A Typical LHC plot

Here is a typical LHC plot 🙂

As you can see, with 1.1/fb CMS has observed one event in a channel that may give a signal of a Higgs through decay to two Z bosons which in turn decay to two tau leptons and two other leptons. This is consistent with standard model backgrounds shown.

It will require about 100 times as many events for this channel to make any real impact on the search for the Higgs boson. Luckily the LHC will eventually record a few thousand /fb so this channel will be very useful.

There are other channels with better cross sections but results ao far shown have still used just a few events, or they are swamped by thousands of background events. It is possible to combine several channels and compare with what is expected from a particular theoretical model such as a standard model Higgs boson or MSSM supersymmetry, but such models tend to work in a reduced parameter space and may not match reality well. In the case of supersymmetry they look at models where a stable lightest particle is in reach of the LHC so that it shows up in missing energy searches. It would have been nice if this led to a quick discovery but it hasn’t.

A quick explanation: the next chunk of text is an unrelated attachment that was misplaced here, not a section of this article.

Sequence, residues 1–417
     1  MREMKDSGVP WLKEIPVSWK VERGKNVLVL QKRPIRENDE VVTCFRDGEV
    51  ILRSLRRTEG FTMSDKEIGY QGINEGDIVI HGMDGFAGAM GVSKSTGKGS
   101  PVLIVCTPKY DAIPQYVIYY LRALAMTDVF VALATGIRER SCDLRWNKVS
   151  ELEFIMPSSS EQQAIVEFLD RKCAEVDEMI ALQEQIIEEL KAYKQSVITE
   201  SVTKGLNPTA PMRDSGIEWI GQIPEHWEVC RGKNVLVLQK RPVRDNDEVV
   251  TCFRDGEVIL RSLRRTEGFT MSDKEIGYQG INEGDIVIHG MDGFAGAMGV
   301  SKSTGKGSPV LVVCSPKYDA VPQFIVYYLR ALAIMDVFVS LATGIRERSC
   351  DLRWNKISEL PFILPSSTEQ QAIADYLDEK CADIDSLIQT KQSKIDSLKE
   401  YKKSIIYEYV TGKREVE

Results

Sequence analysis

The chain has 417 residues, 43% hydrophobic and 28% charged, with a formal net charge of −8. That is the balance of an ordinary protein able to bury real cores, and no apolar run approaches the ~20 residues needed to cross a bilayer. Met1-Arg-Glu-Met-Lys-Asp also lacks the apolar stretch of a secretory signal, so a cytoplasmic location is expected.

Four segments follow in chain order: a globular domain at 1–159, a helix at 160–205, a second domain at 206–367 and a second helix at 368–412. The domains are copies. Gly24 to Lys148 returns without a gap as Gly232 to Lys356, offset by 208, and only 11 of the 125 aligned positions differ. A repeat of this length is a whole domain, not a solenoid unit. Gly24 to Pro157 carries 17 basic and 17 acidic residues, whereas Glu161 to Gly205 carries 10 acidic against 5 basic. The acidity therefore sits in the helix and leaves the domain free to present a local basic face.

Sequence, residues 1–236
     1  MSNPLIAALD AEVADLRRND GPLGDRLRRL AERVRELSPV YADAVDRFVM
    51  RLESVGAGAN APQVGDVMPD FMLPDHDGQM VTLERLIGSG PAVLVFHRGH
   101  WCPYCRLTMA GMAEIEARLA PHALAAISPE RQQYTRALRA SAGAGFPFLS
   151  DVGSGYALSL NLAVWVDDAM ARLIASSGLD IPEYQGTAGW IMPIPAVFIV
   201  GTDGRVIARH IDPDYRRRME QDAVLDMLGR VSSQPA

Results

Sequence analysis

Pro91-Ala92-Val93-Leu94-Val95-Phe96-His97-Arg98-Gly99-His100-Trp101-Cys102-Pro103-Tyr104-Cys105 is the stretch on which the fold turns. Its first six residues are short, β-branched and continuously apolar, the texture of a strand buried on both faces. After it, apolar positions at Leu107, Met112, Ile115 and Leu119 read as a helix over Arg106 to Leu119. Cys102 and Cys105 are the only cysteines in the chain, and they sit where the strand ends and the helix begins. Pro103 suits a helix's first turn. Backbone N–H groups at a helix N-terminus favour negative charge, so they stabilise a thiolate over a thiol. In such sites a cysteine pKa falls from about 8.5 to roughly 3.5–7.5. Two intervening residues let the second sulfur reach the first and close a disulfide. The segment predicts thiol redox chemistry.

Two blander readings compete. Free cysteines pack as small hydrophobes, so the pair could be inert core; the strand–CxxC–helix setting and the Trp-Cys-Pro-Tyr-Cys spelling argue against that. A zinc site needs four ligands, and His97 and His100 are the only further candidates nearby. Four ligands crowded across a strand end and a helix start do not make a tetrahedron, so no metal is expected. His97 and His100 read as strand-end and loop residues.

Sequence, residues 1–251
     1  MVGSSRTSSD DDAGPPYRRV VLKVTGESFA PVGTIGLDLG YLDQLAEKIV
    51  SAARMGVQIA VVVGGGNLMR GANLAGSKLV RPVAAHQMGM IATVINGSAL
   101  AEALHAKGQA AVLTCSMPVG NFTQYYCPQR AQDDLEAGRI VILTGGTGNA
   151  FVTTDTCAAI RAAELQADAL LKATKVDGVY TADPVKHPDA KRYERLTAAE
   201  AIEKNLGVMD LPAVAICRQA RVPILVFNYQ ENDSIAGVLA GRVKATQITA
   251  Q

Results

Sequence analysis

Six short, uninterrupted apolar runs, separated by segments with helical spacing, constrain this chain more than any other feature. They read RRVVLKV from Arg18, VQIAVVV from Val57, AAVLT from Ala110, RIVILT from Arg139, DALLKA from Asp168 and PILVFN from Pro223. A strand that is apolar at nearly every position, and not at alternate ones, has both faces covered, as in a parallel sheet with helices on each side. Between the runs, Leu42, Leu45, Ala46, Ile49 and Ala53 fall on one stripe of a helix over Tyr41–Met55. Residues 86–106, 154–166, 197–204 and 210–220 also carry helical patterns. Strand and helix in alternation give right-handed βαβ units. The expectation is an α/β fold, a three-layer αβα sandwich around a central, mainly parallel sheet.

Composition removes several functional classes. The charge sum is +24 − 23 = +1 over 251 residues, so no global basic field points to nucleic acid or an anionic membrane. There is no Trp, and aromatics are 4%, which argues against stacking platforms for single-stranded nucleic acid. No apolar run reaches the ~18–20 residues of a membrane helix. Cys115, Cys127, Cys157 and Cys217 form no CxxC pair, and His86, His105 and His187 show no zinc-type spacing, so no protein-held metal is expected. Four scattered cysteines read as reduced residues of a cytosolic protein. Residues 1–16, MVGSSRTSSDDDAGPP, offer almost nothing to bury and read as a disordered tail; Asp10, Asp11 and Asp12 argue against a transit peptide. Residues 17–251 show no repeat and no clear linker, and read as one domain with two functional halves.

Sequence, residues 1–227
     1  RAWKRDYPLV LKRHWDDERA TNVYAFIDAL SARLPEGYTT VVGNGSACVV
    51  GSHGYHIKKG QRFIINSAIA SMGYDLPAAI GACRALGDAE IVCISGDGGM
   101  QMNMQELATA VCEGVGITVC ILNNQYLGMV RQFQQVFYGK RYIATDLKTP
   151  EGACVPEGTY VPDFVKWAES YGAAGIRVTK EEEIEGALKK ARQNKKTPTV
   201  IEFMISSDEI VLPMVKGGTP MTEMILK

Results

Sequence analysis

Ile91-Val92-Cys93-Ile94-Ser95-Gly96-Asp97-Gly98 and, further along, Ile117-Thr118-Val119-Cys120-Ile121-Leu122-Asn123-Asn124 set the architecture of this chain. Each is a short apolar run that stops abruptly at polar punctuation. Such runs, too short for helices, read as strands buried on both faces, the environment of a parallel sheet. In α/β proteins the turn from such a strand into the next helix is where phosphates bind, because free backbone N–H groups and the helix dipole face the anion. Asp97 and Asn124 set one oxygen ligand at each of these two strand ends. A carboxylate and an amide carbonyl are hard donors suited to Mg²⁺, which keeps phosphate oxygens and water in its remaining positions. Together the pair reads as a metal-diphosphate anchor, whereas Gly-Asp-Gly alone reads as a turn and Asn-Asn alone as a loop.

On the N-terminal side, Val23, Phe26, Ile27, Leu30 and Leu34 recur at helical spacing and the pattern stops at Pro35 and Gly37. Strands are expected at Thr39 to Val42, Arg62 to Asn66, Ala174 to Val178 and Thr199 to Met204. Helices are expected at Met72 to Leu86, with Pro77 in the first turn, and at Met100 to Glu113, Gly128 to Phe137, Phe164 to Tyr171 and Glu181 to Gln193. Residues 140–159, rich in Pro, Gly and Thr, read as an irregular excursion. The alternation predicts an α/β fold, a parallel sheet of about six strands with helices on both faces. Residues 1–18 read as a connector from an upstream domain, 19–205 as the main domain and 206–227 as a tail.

Int ime each of these channels will be populated with lots of events and can be compared with standard model backgrounds. Bumps could appear anywhere leading to the discovery of some new particle. Once its properties are mapped through its different decay modes it can be fitted into a new model, which may or may not correspond to a supersymmetric multiplet.

People are starting to say that supersymmetry is in a corner, or even that the LHC seems to be incapable of producing new physics. It is far too early for any such conclusions. We need to be patient.


One Response to A Typical LHC plot

  1. Jesus says:

    Cool, nice post. This is exactly what I always think, when people try to make any conclusions with the available recorded data. It is possible to make exclusions or discoveries, BUT: always only considering the error bars!

    Within every error bar there could always be a signal or none. Also a bump should always be considered as such one when the bars are smaller than the bump itself…

    And by the way also with 1000/fb recorded there could still be a hidden new physics bump in any distribution, which would appear at 1000000/fb and so on…

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